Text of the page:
What Wheel Drive?
Front-wheel-drive, rear-wheel drive, all-wheel-drive, four-wheel-drive — these terms refer to which of your car’s wheels get power from the engine. But what are the advantages and disadvantages of each, and which setup is best for you? That’s the subject of this edition of Vroom Girls University.
By Aaron Gold
Front-wheel-drive (FWD) is the most common drivetrain layout in use today. With FWD, all the bits that make the car go are neatly packaged under the hood, which saves weight and frees up interior space.
Advantages of front-wheel-drive:
- Allows smaller cars to have more interior space and trunk room
- Weight of engine right over the drive wheels gives good traction in rain and snow
- Front-wheel-drive vehicles are usually lighter, which improves gas mileage
Disadvantages of front-wheel-drive:
- Doesn’t deliver as much of a sporty driving feel as rear-wheel-drive
- Powerful FWD cars are subject to torque steer, a tendancy to pull to one side under hard acceleration
- With all the mechanical bits crammed together, repairs can be more time-consuming and expensive
Until the 1980s, most vehicles sold in America were rear-wheel-drive (RWD), but it was largely abandoned as buyers turned to smaller cars. Today, RWD is making a resurgance in performance-oriented sports cars. Most rear-drivers have the engine in front, but some have the engine at the back. Most pickup trucks use rear-wheel-drive, as do a handful SUVs.
Advantages of rear-wheel-drive:
- Provides sportier, more controllable handling and better steering feel, especially in very powerful cars
- Reduced mechanical complexity
Disadvantages of rear-wheel-drive:
- More cramped interior due to driveline “tunnel” running the length of the car between the seats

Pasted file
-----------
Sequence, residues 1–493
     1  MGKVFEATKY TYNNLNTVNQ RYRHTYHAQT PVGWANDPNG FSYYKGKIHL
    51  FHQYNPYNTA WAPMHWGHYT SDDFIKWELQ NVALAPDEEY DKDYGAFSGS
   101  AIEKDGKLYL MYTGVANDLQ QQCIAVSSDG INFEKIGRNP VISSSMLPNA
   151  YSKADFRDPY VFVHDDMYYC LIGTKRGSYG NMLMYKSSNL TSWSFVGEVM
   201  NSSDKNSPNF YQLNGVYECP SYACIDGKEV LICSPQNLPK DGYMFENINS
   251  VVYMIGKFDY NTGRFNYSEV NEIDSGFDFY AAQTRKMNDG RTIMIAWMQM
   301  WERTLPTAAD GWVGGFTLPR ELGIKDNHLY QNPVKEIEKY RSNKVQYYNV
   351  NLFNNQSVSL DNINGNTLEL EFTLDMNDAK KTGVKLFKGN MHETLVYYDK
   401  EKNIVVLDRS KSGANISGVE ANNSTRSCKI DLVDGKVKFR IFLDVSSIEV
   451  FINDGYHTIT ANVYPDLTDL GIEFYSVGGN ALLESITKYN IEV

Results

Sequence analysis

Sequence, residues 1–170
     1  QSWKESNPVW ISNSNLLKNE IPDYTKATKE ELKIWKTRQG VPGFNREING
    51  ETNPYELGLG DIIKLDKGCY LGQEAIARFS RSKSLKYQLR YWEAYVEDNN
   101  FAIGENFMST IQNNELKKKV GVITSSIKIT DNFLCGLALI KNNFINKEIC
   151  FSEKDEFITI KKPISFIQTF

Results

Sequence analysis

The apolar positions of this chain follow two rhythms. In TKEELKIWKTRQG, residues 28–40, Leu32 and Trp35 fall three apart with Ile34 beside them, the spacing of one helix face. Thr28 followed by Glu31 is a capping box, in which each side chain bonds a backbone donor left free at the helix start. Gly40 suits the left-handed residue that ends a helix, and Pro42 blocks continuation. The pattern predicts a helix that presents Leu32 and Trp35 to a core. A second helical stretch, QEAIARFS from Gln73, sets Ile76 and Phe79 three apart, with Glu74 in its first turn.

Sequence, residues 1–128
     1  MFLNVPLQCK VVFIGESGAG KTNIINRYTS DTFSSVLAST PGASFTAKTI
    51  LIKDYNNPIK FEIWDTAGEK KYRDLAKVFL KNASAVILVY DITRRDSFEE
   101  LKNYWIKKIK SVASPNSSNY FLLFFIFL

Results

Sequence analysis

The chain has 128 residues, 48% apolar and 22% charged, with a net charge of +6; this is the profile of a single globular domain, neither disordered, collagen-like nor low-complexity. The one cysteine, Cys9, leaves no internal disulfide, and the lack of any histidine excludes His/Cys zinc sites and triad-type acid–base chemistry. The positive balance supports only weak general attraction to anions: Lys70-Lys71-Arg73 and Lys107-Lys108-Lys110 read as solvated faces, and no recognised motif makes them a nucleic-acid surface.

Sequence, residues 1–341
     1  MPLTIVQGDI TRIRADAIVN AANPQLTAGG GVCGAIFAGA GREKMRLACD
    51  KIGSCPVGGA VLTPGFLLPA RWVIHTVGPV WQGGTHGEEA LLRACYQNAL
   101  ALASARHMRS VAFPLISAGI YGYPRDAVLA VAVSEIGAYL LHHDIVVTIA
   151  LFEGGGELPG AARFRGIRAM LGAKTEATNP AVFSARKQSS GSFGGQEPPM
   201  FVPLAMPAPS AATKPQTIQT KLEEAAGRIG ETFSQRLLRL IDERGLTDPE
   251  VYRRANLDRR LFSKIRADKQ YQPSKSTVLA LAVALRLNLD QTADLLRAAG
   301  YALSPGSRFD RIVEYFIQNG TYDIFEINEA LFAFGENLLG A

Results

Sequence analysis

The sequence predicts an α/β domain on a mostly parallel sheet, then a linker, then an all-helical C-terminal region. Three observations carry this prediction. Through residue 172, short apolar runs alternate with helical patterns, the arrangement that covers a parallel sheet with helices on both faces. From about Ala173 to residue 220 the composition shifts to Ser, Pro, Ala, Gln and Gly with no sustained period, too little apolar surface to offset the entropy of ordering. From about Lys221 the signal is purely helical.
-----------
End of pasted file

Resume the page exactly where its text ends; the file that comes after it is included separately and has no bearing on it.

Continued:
- Trickier to drive in wet or snowy weather – easier to spin out in bad weather than FWD
All-wheel-drive (AWD) and four-wheel-drive (4WD) both deliver power to all four of the car’s wheels, but there are different types of systems with significant differences in operation.
All-Wheel-Drive or Full-Time Four-Wheel-Drive
These systems are entirely automatic, requiring no driver intervention. Most of these systems deliver all of the engine’s power to one pair of wheels (usually the front) until those wheels begin to lose traction. When that happens, the system begins to shift power to the other wheels until the car regains traction. All-wheel-drive is most commonly found in SUVs and crossovers, but is also used in sporty cars as a way to improve their handling.
Advantages of all-wheel-drive:
- Entirely automatic; driver does not need to manually engage four-wheel-drive
- Best choice for inclement weather; also works well on dirt and mud
- Provides improved handling and better tire “grip” in sudden panic swerves
Disadvantages of all-wheel-drive:
- Greater weight and increased fuel consumption compared to front- and rear-wheel-drive
- Faster tire wear than front- or rear-wheel-drive
- Not suitable for hard-core off-roading
Part-time 4WD systems require the driver to manually shift from two- to four-wheel-drive. These systems usually have a low range setting (labeled “4 LOW” or 4 LO”) for extreme off-road use. Unlike full-time systems, part-time systems usually lock the front and rear axles together, providing a 50/50 front-to-rear power split. Part-time 4WD is most commonly found in pickup trucks and heavy-duty SUVs. Some part-time systems have an automatic setting that provides the same functionality as a full-time system.
Advantages of part-time four-wheel-drive:
- Best choice for serious off-roading
- Least likely to get stuck in mud, dirt, or uneven terrain
Disadvantages of part-time four-wheel-drive:
- Requires the driver to manually engage four-wheel-drive; otherwise traction is not much better than a rear-wheel-drive vehicle
- Four-wheel-drive operation may be limited to off-pavement use
- More rapid tire wear when operated in four-wheel-drive mode
Volkswagen Group of America, Inc. is not responsible for the content of this column.